Review pounds 6.99
Eloise sits in her cottage mourning her lost love and making lists of the things that scare and disgust her (pretty much everything), while George, the lost love in question, rails against the inadequacies of the English (he's American) and wonders where Eloise has got to. is about the possibility of love in the face of death - not so much individual mortality as the mass slaughters that have been the trademark of this century. Put like that it sounds pretty depressing, and there's an uncomfortable edge of self-pity in Ellmann's writing; but there's also a wit and warmth and intellectual energy - like Jeanette Winterson with a sense of humour, if you can imagine that.
The Journal of George Fox
ed Nigel Smith
Penguin pounds 7.99
Quakers always seem such gentle people; Fox's journal is a reminder that when they started out they were a ranting, radical sect, that found common cause with the Fifth Monarchists and absorbed the remnants of the Levellers. In it, Fox casts himself as a prophet, going about healing the sick, bringing comfort to the faithful and suffering tribulations at the hands of the unGodly - he has a fairly high opinion of himself, but in scorching visionary prose.
The Greatest Benefit to Mankind
Fontana Press pounds 14.99
The head whirls: another massive volume from Roy Porter. Not 10 minutes since, it was a social history of London; now he's dashed off the entire history of medicine from palaeolithic times to the present. You wonder, what does he find to do in the afternoons? There is a price to be paid for all this fecundity - places where the book could have been a bit more tightly edited - but sheer sweep and readability make up for that. The main trunk of the book follows the development of western medicine, from the first attempts at a rational, secular view of disease in ancient Greece, through to the successive revolutions of Harvey, Pasteur and Fleming; but he also offers sympathetic appraisals of some of the alternatives - Chinese and Indian medicine; and he has a terrific eye for the odd, memorable fact. A tonic.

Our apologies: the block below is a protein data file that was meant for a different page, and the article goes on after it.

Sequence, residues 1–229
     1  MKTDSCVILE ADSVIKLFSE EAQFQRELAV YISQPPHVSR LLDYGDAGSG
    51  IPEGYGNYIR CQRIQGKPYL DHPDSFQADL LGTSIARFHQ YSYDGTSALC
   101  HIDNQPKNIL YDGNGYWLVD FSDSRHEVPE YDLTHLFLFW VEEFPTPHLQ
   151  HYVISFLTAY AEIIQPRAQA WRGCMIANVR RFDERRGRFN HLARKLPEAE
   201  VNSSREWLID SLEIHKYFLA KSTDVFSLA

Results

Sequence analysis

Tough, Tough Toys for Tough, Tough Boys
Penguin pounds 6.99
After the indulgence of Great Apes, a book that outstayed its welcome by a good 300 pages, Self returns to what feels like a more natural length for him with a collection of witty, self-consciously grungy short stories. Even over a few pages, he can seem stretched - a good one-off gag-man trying to write proper sketches - but the basic jokes are fine: a man finds his home is built on top of a huge rock of crack; a baby starts to speak business German; a psychiatrist can't shake off a Freudian link between his Volvo and his girlfriend's vulva. Amusing, if not meaningful.
The Last King of Scotland
Faber pounds 6.99
Winner of the Whitbread First Novel Award, this is a gripping, closely observed and researched account of life in Idi Amin's Ugan-da. The narrator, Nicholas Garrigan, is a Scottish doctor working in the bush who finds himself unaccountably employed as the dictator's personal physician; Amin's monstrous charisma, as well as his own fear for his life, draw him further and further into complicity. Foden makes forays into Greeneland (in the atmosphere of moral confusion in the face of terror, there are strong echoes of The Comedians), but he has an eye and a commendably harsh sense of humour that are his own.